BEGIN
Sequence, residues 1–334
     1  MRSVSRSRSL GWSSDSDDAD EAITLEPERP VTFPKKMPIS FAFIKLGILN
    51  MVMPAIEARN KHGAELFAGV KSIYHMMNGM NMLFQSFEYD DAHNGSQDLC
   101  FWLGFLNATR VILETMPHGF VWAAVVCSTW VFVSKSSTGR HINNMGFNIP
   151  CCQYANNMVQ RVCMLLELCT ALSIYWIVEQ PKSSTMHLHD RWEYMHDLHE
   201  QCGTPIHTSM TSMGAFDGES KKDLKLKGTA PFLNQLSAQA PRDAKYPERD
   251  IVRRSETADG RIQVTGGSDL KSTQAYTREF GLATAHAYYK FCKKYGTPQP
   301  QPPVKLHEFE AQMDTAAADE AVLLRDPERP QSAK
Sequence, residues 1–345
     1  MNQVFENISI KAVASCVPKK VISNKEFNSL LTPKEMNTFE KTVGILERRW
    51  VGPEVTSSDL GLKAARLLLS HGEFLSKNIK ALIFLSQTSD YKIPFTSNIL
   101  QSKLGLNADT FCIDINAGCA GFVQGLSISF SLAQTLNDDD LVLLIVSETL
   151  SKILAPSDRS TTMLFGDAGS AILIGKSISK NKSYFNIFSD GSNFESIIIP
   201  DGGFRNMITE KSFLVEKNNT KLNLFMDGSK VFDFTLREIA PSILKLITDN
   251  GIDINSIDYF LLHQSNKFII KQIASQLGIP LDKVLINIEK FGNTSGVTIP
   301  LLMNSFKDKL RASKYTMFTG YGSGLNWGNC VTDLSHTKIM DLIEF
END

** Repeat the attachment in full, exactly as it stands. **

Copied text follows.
Sequence, residues 1–334
     1  MRSVSRSRSL GWSSDSDDAD EAITLEPERP VTFPKKMPIS FAFIKLGILN
    51  MVMPAIEARN KHGAELFAGV KSIYHMMNGM NMLFQSFEYD DAHNGSQDLC
   101  FWLGFLNATR VILETMPHGF VWAAVVCSTW VFVSKSSTGR HINNMGFNIP
   151  CCQYANNMVQ RVCMLLELCT ALSIYWIVEQ PKSSTMHLHD RWEYMHDLHE
   201  QCGTPIHTSM TSMGAFDGES KKDLKLKGTA PFLNQLSAQA PRDAKYPERD
   251  IVRRSETADG RIQVTGGSDL KSTQAYTREF GLATAHAYYK FCKKYGTPQP
   301  QPPVKLHEFE AQMDTAAADE AVLLRDPERP QSAK
Sequence, residues 1–345
     1  MNQVFENISI KAVASCVPKK VISNKEFNSL LTPKEMNTFE KTVGILERRW
    51  VGPEVTSSDL GLKAARLLLS HGEFLSKNIK ALIFLSQTSD YKIPFTSNIL
   101  QSKLGLNADT FCIDINAGCA GFVQGLSISF SLAQTLNDDD LVLLIVSETL
   151  SKILAPSDRS TTMLFGDAGS AILIGKSISK NKSYFNIFSD GSNFESIIIP
   201  DGGFRNMITE KSFLVEKNNT KLNLFMDGSK VFDFTLREIA PSILKLITDN
   251  GIDINSIDYF LLHQSNKFII KQIASQLGIP LDKVLINIEK FGNTSGVTIP
   301  LLMNSFKDKL RASKYTMFTG YGSGLNWGNC VTDLSHTKIM DLIEF